Yoshikawa Kanpô (吉川観方; given name Kenjirô), 1894-1979, was born in Kyoto made his name as a Nihonga-style painter and writer, as well as a stage designer and advisor to the Shôchiku kabuki theatrical company in Kyoto. He studied Nihonga painting with Nishibori Tôsui (dates unknown) beginning in 1901 and later with Takeuchi Seihô (1864-1942). By the time he graduated with honors from the Kyoto Specialist School of Painting in 1918 and earned a graduate degree in 1920 from the Kyoto City Specialist School of Painting, he had already begun exhibiting with the Bunten in 1917. Evetually stopped exhibiting paintings, but continued to accept commissions while also briefly designing Shin Hanaga-style woodblock prints, among these a famous series of actor portraits published by Satô Shôtarô between 1922 and 1924, and apparently ceased making any more prints after 1925. He also produced landscapes (fûkeiga) and pictures of beautiful women (bijinga). Yoshikawa then concentrated on other pursuits, including playing the biwa (琵琶) and kokyû (胡弓). He authored several books on topics such as kabuki, Japanese dolls, and Japanese customs (including Faces in color prints, Contemporary actors on stage, Collected famous treasured dolls, Mirrors and designs, History of changes in sash design, and History of Japanese folk customs) and two illustrated volumes on ghosts (1925).
A favorite pasttime in Japan is flower viewing (hanami 花見). When daylight ends, there are many hanami sites throughout the country that offer the viewing of cherry blossoms at night (yozakura 夜桜). One famous site is Maruyama park (Maruyama Kôen 円山公園), Kyoto's oldest park, which today is a designated a "place of scenic beauty" (meishô 名勝) and features around 680 cherry trees, including an iconic "weeping cherry tree" (shidarezakura 枝垂桜 or 垂れ桜), as well as walkways, ponds, and bridges. The design of laying out paths around ponds (derived from Chinese models) is called a "strolling garden" (Kaiyûshikiteien 回遊式庭園). When in bloom in late March or early April, the great cherry tree is illuminated at night by bonfires and lanterns, drawing great crowds of onlookers.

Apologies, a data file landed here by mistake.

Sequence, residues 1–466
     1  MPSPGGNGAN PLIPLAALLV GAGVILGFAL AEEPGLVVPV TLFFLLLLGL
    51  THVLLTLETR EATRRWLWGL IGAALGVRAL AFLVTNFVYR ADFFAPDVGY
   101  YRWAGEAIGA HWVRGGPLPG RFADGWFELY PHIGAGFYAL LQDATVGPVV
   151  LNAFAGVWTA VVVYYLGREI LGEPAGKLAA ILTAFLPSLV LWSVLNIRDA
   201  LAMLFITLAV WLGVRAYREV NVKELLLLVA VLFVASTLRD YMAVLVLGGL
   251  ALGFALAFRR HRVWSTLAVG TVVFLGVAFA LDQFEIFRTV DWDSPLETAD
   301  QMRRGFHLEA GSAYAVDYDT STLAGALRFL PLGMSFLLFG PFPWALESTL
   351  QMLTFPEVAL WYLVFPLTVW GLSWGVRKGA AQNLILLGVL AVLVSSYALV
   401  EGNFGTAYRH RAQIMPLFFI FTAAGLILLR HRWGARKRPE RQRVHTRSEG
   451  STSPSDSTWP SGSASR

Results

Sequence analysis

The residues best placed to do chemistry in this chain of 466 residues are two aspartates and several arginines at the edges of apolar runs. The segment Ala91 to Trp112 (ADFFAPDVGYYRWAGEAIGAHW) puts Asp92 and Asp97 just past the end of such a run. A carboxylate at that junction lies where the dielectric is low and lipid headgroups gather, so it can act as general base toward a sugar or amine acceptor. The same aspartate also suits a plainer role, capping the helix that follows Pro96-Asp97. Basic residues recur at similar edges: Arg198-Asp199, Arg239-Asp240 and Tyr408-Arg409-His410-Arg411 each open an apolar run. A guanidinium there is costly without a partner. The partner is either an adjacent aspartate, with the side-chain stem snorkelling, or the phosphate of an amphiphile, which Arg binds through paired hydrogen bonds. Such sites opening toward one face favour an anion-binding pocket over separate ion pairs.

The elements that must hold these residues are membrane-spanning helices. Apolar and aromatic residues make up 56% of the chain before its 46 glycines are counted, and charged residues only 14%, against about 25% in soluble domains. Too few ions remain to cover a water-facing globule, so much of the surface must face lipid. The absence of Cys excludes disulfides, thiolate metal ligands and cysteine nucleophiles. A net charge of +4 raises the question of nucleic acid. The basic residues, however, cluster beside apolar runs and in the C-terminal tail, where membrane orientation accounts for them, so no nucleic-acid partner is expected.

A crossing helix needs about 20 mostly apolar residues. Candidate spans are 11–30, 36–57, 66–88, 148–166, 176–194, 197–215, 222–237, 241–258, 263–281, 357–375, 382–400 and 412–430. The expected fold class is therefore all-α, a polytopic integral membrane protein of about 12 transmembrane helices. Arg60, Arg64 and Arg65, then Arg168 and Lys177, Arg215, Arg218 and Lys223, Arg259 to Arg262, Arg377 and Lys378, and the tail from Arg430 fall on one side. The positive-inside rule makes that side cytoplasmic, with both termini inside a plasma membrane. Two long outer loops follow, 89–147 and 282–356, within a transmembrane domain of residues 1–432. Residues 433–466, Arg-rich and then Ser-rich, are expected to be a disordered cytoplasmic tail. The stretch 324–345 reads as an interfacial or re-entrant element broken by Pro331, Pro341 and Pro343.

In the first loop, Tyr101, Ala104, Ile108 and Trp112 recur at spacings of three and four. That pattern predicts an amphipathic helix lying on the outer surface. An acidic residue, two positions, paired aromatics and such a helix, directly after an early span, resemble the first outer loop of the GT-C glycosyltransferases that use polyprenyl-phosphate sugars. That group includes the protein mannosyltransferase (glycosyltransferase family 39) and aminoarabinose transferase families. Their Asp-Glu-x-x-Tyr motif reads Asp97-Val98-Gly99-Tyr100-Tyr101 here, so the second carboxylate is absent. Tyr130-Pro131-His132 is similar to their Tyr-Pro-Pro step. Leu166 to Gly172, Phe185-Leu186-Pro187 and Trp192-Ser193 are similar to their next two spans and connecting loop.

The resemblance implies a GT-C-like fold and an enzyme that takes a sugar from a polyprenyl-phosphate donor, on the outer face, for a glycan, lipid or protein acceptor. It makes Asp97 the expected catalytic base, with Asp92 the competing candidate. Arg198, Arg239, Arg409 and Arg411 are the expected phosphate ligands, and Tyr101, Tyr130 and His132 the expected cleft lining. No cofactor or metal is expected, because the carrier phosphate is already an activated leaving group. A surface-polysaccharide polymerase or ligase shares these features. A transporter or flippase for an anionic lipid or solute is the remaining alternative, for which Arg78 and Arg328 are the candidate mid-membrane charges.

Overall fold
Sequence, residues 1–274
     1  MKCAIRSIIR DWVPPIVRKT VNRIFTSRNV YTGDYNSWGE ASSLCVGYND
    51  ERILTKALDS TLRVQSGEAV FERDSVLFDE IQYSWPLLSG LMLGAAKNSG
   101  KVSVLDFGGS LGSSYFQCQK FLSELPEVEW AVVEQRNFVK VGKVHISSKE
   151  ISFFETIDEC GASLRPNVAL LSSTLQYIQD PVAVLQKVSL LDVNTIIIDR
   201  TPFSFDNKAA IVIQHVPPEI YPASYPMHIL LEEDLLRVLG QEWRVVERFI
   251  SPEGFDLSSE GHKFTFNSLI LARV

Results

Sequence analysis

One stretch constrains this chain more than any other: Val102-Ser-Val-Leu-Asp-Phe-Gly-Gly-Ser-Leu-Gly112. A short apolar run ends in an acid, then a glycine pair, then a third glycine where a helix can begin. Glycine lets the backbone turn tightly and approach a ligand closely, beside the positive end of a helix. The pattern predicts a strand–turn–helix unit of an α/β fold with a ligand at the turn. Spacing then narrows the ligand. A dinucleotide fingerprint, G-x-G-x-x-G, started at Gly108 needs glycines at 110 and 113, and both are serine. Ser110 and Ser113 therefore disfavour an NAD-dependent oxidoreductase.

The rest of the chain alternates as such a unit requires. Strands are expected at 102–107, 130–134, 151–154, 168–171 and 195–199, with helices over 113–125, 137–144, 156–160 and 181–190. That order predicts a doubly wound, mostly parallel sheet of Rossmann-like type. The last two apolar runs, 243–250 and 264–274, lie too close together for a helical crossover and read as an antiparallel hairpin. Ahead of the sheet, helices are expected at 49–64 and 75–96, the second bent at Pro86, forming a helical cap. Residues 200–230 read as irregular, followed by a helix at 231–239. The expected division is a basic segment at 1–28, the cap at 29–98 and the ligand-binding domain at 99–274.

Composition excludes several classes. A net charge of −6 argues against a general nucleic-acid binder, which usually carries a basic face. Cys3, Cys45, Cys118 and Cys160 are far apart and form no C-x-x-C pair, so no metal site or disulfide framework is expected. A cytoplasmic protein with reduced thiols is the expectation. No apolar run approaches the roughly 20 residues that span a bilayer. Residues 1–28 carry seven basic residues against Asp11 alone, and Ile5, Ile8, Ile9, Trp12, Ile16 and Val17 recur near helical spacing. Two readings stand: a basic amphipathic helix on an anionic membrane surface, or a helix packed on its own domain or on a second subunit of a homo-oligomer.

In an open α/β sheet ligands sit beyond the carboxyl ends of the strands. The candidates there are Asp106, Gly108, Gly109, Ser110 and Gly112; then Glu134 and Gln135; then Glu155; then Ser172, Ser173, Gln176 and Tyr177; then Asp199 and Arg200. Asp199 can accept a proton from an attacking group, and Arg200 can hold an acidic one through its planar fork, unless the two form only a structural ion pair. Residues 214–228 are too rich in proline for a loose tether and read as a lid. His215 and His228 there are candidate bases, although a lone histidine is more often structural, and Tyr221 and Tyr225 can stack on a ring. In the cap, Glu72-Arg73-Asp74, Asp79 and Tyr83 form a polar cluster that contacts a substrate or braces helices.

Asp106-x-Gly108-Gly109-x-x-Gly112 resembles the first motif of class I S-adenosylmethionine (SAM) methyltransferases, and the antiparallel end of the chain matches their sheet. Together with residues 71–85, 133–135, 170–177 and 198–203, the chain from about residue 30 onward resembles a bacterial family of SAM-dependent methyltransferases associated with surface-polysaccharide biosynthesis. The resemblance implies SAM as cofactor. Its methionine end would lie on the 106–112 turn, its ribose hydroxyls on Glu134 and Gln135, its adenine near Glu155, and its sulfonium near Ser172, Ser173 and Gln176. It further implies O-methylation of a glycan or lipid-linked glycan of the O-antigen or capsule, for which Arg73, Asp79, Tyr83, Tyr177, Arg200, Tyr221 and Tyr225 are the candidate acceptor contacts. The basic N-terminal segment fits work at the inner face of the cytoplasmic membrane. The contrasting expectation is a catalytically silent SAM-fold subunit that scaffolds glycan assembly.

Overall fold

Kanpô's print depicts the first-generation weeping cherry tree just a few years before it died at 220 years of age. More than a dozen wooden posts have been placed strategically under the massive boughs to support the aging giant. The cherry blossoms are illuminated by seven charcoal braziers as near-silhouetted figures walk and stand around the great tree, admiring its glowing beauty. Kanpô offers an exceptional visualization of light and color, and a lively rhythm in the placement and postures of the figures. The pink, red, and orange colorants invest the scene with a warmth that counteracts the black figures and sky on what is actually a rather chilly night. This is surely one of the more noteworthy urban landscapes in all of shin hanga (neo-ukiyo-e or "new prints" 新版画).
Impressions of this design are in many of the major museums around the world, including the Toledo Museum of Art (1939.419); Honolulu Museum of Art (no. 19288); Chazen Museum of Art (University of Wisconsin-Madison, 1984.1044 Van Vleck Collection); and The Art Institute of Chicago (1954.886, Gift of Helen Gunsaulus, 1886-1954, Curator of Oriental Art and the Clarence Buckingham Print Collection)
Although not indicated on the print, the 1930 Toledo catalog (*) states that the carver of this design was Maeda [Kentarô] and the printer Ôiwa [Tokuzô].
References: Toledo Museum of Art, Fresh Impressions: Early Modern Japanese Prints, 2013, no. 336; * Toledo Museum of Art, A Special Exhibition of Modern Japanese Prints. 1930, no. 336.